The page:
By Joyce Bichler, Deputy Director

Today the Food and Drug Administration (FDA) expanded the approved use of the drug olaparib (brand name Lynparza). Olaparib is the first drug of its class (PARP inhibitor) approved to treat HER2-negative metastatic breast cancer in patients with a BRCA gene mutation and who have previously been treated with chemotherapy.

The approval of this drug was based on a randomized clinical trial of only 302 patients. Tumors in patients taking the drug did not have significant growth for a somewhat longer period of time (7 months vs. 4.2 months) than in patients not taking the drug. While extending someone’s progression free survival when they have metastatic breast cancer, even for 2.8 months is absolutely significant, we still don’t know if patients actually live any longer on this drug or not. There was no overall survival data reported.

Olaparib is a drug that also comes with significant side effects, including blood or bone marrow cancers. Other side effects include a list of symptoms that can severely impact a person’s general quality of life—like nausea, fatigue, headache, and anemia. Thirty-six percent of the olaparib patients had grade 3 or higher adverse effects, which was slightly lower than the standard therapy group.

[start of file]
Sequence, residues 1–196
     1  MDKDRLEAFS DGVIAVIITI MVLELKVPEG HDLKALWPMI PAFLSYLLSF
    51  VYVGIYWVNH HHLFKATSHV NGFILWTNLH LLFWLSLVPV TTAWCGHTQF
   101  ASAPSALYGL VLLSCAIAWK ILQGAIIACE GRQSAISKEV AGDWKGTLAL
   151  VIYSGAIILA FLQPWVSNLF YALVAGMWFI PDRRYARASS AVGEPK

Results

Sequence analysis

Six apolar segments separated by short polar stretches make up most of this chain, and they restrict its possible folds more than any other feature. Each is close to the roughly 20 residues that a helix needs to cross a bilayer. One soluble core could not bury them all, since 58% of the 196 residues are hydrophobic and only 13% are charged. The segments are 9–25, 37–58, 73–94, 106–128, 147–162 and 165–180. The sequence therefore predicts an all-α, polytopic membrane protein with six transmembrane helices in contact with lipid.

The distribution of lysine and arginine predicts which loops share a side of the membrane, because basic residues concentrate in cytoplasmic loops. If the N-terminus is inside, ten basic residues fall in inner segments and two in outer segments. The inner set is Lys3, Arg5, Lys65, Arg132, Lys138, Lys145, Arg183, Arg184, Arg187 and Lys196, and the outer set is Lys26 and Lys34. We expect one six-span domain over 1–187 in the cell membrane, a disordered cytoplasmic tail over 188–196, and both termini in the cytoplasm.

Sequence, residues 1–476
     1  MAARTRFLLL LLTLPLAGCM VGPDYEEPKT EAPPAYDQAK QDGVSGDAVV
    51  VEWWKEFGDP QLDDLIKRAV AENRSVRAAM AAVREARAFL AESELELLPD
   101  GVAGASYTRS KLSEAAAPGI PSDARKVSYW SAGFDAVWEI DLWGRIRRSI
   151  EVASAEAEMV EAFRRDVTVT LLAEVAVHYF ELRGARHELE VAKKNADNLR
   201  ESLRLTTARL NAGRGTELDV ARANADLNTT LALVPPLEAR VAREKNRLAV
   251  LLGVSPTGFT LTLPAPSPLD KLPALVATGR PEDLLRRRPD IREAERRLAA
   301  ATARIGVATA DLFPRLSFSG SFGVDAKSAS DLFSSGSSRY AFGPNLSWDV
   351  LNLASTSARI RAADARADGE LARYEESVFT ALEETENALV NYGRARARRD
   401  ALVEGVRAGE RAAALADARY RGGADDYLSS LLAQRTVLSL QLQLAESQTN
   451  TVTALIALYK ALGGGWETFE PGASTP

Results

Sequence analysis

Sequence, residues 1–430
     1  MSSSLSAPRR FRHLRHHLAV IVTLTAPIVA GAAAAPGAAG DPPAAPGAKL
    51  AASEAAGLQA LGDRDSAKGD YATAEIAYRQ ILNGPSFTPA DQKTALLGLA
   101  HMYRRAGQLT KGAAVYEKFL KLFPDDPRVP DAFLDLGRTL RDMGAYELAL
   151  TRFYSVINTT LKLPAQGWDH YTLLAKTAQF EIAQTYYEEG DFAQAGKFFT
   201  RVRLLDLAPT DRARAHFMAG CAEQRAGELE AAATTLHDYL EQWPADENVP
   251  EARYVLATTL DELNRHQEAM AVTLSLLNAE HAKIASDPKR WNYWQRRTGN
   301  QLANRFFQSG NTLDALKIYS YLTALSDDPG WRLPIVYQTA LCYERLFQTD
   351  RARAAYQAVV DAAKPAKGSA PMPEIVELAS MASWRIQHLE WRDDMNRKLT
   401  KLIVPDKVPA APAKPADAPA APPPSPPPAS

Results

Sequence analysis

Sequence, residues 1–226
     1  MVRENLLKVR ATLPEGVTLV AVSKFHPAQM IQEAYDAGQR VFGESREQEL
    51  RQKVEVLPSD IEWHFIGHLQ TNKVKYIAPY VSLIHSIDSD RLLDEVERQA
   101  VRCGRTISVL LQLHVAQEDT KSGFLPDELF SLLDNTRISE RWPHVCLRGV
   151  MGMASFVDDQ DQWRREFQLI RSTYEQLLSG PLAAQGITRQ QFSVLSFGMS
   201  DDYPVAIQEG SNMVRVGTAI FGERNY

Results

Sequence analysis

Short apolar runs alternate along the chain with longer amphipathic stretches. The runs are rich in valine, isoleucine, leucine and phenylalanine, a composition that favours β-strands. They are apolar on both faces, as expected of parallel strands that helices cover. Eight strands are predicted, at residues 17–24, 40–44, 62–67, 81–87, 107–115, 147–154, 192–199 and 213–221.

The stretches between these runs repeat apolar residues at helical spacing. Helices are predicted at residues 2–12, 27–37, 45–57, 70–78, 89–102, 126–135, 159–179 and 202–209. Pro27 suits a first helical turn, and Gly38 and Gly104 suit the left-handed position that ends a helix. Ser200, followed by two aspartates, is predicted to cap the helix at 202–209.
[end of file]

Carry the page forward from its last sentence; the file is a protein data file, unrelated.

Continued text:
The cost of treatment is not insignificant—estimated to be about $14,000. We absolutely want to see more innovative treatments that focus on women with metastatic breast cancer—because that’s what women die from—and treatments that are matched to genetic types like BRCA mutations. However, we can’t be content or call this a big breakthrough when the impact on patients will be measured in days, while the advantage to the pharmaceutical company will be measured in millions of dollars.

Breast Cancer Action has long held that the FDA should only approve therapies that have been shown to improve overall survival (which means women live longer), improve quality of life (which means they live better), or cost less (so that more women have access and/or aren’t bankrupted by treatment).

By approving a treatment that has not been shown to extend life, significantly reduce side effects, or increase access, the FDA is giving license to AstraZeneca to make millions of dollars on a drug before its benefit to patients has been adequately demonstrated.

At best, let’s call this a small step forward. Let’s stop lowering the bar for what we call “big breakthroughs.” We want to celebrate the day when we have them. Today is not that day.